Arthritis & Rheumatism, Volume 62,
November 2010 Abstract Supplement

Abstracts of the American College of
Rheumatology/Association of Rheumatology Health Professionals
Annual Scientific Meeting
Atlanta, Georgia November 6-11, 2010.


Extrapulmonary Course of Connective Tissue Disease and Survival after Lung Transplant.

Takagishi,  Troy K., Ahmed,  Iffat, Tehrani,  Rodney

Purpose:

Interstitial lung disease (ILD) is a common cause of morbidity and mortality in patients with connective tissue diseases (CTD). Lung transplants (LT) are becoming an increasingly viable option for the management of these patients. A review of the literature revealed no studies evaluating for extrapulmonary flares of the primary CTD following LT. Very few studies have documented the survival outcomes of this group of patients. We hypothesize that extrapulmonary disease flares rarely occur following LT and also that survival (%) is similar in patients with LT for CTD as compared to LT for COPD.

Methods:

We performed an observational and retrospective chart review of all patients in a large tertiary care medical center that had a LT for CTD (LT/CTD) between 1999 and 2010 and evaluated for any extrapulmonary flares of the primary CTD following LT. Also, we compared their survival outcomes to those who underwent LT for COPD (LT/COPD). COPD was chosen as the control group because it comprises the largest group of patients undergoing LT nationally. From 1995–2008 there had been 8,417 LT due to COPD documented in the UNOS national registry which is compared to 181 for CTD during the same time period.

Results:

From 1999–2010 at a large tertiary care medical center, 15 patients underwent LT for ILD secondary to their CTD: 5 with dermatomyositis or polymyositis (33%), 5 with rheumatoid arthritis (33%), 3 with lupus (20%), and 2 with mixed connective tissue disease (13%). 4/15 (27%) of the patients had an extrapulmonary flare of their primary CTD following LT. All episodes were arthritic flares (3 monoarticular and 1 polyarticular) and each occurred in a different patient (3 with RA and 1 with SLE). This data equates to 1 flare/15.71 patient years. The Kaplan-Meier survival curves for LT/CTD and LT/COPD respectively at 3 mo was 93% and 93%; at 1 yr was 92% and 93%; at 5 yrs was 75% and 77%.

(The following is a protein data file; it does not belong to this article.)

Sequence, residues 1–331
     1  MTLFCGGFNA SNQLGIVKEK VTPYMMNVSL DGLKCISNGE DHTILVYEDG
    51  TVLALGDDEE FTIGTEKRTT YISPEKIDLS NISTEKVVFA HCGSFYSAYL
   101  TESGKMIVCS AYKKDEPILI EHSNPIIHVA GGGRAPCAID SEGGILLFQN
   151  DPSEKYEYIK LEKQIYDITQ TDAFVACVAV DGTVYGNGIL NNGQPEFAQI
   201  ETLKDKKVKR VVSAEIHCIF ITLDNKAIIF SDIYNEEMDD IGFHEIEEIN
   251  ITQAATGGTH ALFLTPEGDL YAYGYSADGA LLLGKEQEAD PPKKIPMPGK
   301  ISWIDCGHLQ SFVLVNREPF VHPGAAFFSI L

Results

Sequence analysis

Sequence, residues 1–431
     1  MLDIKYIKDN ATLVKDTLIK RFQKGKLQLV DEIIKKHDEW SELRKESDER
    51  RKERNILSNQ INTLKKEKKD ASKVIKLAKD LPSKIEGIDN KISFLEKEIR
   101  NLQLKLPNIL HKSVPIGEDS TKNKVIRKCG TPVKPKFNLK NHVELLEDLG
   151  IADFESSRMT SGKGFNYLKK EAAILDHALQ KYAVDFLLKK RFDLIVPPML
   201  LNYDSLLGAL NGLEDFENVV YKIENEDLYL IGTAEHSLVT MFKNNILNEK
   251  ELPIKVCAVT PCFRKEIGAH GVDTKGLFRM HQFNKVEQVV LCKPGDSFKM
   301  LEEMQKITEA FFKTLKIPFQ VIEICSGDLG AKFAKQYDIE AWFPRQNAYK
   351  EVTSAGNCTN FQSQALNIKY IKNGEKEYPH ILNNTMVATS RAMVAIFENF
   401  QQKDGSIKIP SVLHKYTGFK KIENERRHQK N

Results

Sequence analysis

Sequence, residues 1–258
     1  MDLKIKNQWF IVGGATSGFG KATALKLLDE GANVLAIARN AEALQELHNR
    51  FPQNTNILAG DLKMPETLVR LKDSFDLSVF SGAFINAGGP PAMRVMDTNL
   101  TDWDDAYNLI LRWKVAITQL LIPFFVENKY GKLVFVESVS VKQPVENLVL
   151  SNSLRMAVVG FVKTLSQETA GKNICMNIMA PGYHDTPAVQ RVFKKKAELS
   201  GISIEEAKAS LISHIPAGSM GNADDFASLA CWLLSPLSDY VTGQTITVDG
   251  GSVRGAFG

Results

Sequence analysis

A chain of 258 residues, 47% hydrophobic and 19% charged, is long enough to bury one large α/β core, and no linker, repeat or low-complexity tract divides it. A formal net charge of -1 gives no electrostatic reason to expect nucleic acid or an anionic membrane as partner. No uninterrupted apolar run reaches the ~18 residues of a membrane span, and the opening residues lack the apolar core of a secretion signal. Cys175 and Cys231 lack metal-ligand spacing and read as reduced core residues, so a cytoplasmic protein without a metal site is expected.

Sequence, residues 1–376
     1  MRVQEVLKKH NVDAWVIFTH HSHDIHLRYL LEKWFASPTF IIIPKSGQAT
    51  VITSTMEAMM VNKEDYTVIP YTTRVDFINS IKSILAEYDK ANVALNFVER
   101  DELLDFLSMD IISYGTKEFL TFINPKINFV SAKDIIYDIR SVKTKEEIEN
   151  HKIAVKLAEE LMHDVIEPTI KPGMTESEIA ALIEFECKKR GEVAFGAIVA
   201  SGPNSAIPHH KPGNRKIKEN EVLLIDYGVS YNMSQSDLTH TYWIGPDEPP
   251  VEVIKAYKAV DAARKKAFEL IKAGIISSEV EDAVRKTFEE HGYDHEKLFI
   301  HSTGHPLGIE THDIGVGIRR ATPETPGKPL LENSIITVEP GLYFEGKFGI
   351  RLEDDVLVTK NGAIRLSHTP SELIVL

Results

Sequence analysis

Conclusion:

There is no published literature on the extrapulmonary manifesations of CTD following LT. There is only scarce data on the survival outcome of this patient population. We found that extrapulmonary flares of the primary CTD are extremely rare following LT likely due to the use of immunosuppressants for LT. In addition, survival following LT for CTD was found to be equivalent to that for LT for COPD. LT appears to be a viable option in a select group of patients with end stage ILD secondary to CTD.

To cite this abstract, please use the following information:
Takagishi, Troy K., Ahmed, Iffat, Tehrani, Rodney; Extrapulmonary Course of Connective Tissue Disease and Survival after Lung Transplant. [abstract]. Arthritis Rheum 2010;62 Suppl 10 :704
DOI: 10.1002/art.28472

Abstract Supplement

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